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Things to consider when introducing a new hire into your Organisation 

For most SME businesses, hiring a new employee is a decision that is not undertaken without a considerable degree of thought. It represents a large investment both in terms of cost and time.  

The acceptance of the offer of employment marks the start of the next phase of the recruitment process, one that is equally as important but is often overlooked. INDUCTION.  

In the same way that each client is different, each induction programme should be different although certain elements should be included in all programmes. 

Here are the top 7 tips induction tips: 

  • Your new hire starts working for you as soon as they say “yes” to your job offer. That’s why its so important to have on ONBOARDING plan in place for the period between their accepting your offer and their first day. It’s a great way to build a platform for positive engagement before day one. 
  • Plan an induction programme for your new hires, FIRST DAY, FIRST WEEK and FIRST MONTH. Your induction is a “marathon, not a sprint. Avoid the temptation to cram everything your new member of staff needs to know into the first couple of days. Spend time on their first morning explaining the programme to them.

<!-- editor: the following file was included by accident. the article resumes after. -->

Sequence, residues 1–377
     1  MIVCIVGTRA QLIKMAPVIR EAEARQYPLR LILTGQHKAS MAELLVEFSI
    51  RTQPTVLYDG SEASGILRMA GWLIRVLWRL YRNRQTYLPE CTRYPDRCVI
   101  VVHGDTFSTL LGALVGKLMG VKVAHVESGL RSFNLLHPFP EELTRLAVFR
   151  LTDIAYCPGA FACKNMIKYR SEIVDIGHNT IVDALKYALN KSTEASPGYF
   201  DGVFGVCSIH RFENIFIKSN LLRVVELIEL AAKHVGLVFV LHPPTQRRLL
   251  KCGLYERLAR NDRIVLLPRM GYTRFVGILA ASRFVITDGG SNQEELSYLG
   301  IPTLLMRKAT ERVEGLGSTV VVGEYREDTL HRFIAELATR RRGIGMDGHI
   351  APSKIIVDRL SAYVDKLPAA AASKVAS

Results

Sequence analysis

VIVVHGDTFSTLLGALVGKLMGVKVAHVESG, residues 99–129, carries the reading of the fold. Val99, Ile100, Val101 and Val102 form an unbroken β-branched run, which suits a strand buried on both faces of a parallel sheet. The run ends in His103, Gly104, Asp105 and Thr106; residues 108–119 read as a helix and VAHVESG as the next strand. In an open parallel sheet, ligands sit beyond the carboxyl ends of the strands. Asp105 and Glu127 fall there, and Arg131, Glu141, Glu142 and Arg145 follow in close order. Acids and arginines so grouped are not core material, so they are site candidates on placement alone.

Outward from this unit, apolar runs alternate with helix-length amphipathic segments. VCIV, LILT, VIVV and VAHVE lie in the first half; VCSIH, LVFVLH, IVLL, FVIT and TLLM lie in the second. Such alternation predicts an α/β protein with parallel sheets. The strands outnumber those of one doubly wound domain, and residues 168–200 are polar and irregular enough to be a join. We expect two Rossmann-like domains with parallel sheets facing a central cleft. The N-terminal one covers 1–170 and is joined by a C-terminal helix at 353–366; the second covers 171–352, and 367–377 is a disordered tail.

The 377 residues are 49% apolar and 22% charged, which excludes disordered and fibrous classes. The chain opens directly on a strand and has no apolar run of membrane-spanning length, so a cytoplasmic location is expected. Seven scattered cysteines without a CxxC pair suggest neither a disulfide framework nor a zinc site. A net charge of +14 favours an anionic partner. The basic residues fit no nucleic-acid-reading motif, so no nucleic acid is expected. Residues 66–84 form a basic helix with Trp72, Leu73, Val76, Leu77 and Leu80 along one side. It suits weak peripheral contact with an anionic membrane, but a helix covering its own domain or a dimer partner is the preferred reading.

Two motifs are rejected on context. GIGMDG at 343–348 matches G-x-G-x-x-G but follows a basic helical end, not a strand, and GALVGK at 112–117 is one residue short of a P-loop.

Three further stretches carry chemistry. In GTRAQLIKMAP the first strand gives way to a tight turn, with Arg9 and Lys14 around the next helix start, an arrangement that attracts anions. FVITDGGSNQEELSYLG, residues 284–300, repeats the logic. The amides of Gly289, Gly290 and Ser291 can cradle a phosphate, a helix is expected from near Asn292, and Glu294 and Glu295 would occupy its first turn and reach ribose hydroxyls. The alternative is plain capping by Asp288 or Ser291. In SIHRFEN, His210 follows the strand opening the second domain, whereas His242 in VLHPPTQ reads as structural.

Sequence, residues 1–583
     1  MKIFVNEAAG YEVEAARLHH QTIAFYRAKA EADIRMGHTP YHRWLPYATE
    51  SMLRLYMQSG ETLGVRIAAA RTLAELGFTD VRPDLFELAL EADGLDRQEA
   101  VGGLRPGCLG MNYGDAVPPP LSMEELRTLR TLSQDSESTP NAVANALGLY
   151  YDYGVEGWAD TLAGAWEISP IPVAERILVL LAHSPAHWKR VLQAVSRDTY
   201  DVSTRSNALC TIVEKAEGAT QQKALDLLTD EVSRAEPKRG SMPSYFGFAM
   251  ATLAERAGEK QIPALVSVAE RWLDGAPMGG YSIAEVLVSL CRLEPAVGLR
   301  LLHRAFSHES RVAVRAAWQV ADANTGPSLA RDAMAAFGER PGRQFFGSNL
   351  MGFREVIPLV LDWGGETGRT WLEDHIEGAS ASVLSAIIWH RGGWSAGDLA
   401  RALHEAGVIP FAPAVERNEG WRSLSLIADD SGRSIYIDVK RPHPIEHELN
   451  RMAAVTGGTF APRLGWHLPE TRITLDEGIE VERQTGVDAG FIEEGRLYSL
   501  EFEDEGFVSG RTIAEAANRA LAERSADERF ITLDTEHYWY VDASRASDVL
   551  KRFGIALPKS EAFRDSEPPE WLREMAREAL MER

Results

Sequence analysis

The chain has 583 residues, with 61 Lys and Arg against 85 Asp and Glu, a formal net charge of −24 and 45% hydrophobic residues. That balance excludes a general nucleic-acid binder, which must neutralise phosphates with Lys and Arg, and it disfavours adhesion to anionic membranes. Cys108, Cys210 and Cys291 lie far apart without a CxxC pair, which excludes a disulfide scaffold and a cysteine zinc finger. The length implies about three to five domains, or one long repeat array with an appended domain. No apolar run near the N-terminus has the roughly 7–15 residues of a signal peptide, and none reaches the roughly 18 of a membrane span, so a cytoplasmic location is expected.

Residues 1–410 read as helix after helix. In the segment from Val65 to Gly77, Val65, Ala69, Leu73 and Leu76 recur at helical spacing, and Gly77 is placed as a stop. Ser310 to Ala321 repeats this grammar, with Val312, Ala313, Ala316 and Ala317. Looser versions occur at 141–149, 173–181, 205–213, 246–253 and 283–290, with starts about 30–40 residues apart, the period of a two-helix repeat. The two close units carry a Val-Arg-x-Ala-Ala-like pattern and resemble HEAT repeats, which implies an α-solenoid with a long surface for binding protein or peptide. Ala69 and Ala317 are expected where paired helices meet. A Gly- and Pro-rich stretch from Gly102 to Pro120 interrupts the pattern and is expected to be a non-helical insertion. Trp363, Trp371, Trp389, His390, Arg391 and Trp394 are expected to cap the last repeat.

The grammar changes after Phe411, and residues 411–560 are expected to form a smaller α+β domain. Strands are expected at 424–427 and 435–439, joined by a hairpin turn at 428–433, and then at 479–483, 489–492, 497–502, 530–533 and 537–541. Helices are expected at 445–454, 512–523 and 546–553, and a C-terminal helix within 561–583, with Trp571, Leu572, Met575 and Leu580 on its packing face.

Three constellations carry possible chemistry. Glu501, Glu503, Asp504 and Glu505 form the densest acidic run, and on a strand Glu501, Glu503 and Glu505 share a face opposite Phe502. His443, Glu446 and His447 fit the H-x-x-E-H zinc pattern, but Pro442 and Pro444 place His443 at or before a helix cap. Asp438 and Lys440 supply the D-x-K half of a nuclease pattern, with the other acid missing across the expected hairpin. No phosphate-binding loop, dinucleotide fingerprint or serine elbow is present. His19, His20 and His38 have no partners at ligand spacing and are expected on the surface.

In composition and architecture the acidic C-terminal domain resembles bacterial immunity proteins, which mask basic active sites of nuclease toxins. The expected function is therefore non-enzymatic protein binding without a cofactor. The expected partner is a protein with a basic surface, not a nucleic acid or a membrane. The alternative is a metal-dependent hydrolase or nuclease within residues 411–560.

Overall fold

• Make sure that all of their colleagues know that they are joining. INTRODUCTIONS are important for both parties particularly existing staff, it avoids them wondering “who’s that?”. You should also consider suggesting that your new hire sends a first day email to their new colleagues introducing themselves and saying a little about their background. 
  • Don’t overlook the importance of OFFICE SERVICES. Often there is a (misplaced) assumption that every new hire knows how the photocopier works, how to transfer a telephone call and the protocol for washing up in the kitchen! If you don’t tell them they won’t know. And not knowing will mean they feel uncomfortable. 
  • Consider appointing a BUDDY, a mentor, for your new hire. They can be on hand to deal with any day to day questions that arise. It’s also a great opportunity to give additional responsibility to an existing member of staff. They can also take their new colleague to LUNCH on the first day. 
  • When your new hire spends time with their new colleagues as part of their induction, make sure there is a CONTENT PLAN. This will ensure that all of the key things that need to be explained are explained. The plan will ensure consistency, avoid omissions and act as a template for future inductions. 
  • Arrange regular REVIEW MEETINGS, I would suggest at least weekly. Initially, these should focus on “how’s it going?” and then build into discussing KPI’s and business objectives. You’re building a relationship, and as with all relationships the key is to build it slowly but surely. 

Finally, remember that whilst planning an induction takes time, it represents an investment in your new recruit. If planned thoroughly, the ROI you receive will far exceed the initial time spent. 


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